Brooklyn Center Mayor Wants to Roll Out Some Policing Changes Within a Month
Parts of a proposal to remake the Brooklyn Center Police Department could be enacted within a month. That’s according to Brooklyn Center Mayor Mike Elliott who spoke with CCX News to provide an update.
The Brooklyn Center mayor has called the plan “a new North Star” for policing. The city council approved the plan last month in a 4-1 vote. However, many details still need to be ironed out. That includes how the city will implement the use of unarmed civilians to make traffic stops.
“There’s always going to be revisions and refinements to make sure that we are getting it right,” said Elliott.
The city approved a police reform resolution after a former Brooklyn Center officer shot and killed Daunte Wright in April during a traffic stop. The resolution was named after Wright and Kobe Dimock-Heisler, another man shot and killed by police during a mental health crisis call nearly two years ago.
The plan would revamp public safety by creating a Department of Community Safety and Violence Prevention to oversee the police and fire departments. It includes a policy to require officers to only issue citations for low-level offenses. Mayor Elliott wants to roll out this policy within a month.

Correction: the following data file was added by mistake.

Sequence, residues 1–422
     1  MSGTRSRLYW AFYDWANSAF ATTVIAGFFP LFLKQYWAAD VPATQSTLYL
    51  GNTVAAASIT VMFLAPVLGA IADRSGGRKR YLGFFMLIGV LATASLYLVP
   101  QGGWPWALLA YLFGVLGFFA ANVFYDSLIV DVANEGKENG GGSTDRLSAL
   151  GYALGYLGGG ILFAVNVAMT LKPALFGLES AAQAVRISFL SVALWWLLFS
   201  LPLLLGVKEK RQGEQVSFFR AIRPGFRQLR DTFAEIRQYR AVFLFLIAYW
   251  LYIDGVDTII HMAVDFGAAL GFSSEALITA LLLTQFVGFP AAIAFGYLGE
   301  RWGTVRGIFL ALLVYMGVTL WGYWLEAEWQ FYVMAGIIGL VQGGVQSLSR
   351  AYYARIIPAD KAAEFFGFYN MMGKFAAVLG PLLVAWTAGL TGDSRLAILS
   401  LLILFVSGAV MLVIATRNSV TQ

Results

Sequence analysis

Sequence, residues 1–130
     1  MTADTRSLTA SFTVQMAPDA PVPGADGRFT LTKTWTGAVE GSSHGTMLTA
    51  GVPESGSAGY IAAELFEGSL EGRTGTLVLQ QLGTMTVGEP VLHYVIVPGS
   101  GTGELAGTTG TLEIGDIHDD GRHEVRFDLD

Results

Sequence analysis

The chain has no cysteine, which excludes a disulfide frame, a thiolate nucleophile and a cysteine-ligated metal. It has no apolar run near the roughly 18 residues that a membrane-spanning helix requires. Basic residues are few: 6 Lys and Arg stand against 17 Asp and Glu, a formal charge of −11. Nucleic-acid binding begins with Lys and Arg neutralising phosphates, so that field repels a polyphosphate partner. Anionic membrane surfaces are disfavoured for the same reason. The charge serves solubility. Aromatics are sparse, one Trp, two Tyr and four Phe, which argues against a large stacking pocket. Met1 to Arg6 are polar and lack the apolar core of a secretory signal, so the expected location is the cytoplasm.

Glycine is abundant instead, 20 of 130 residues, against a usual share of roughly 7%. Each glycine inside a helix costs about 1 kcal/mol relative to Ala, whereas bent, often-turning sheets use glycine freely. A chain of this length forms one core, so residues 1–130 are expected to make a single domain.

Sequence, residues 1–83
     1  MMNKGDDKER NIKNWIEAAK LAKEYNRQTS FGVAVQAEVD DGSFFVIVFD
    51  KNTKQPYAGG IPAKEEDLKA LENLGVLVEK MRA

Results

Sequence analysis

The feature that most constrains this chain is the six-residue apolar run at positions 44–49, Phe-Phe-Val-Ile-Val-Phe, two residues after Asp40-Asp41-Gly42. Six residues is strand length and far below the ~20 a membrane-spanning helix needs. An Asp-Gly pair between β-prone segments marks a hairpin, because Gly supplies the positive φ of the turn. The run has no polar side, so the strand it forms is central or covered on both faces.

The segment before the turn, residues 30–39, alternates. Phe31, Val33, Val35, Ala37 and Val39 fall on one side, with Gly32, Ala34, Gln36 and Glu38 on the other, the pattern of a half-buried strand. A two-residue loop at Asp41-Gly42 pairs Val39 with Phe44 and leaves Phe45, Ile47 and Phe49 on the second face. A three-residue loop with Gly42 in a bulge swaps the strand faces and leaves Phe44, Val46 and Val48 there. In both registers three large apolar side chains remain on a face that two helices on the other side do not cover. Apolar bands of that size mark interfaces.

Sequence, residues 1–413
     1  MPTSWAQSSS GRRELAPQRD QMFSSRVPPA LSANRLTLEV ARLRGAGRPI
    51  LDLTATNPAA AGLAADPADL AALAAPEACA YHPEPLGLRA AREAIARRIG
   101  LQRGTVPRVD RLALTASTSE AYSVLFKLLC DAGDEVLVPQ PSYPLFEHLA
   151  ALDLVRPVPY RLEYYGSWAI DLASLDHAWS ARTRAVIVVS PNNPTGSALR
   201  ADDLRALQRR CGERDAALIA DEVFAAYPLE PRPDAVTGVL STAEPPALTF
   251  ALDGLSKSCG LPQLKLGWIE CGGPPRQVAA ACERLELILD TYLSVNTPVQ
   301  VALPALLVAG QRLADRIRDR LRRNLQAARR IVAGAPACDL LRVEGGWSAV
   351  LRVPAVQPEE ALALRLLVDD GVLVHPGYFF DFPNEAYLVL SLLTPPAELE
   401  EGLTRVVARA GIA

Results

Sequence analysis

“We think that people shouldn’t be arrested for these minor misdemeanors that are non-felony, that is non-threatening to other people,” said Elliott.
Police Union Says Parts Of Resolution ‘Illegal’
Also under the plan, unarmed civilians would respond to minor traffic violations. That idea police union leaders say is illegal.
“You don’t know if they’re wanted by the police for something. You don’t know if they just committed a crime, and on top of that, it’s in violation of state statute,” said Jim Mortenson, executive director of Law Enforcement Labor Services, in an earlier interview with CCX News. “You have to be a licensed peace officer in this state to make traffic stops, and you can’t be an unarmed citizen.”
Details about the unarmed civilian response team are on hold until an implementation committee is formed. That committee will be made up of public health experts and members of the community. Applications to serve on the committee will be accepted on the city’s website starting this week.
Mayor Elliott wants the committee staffed within a month, but he says the entire police reform policy will take time to implement fully.
“I’m hoping that by next year this time, that we would already have these programs set up,” said Elliott.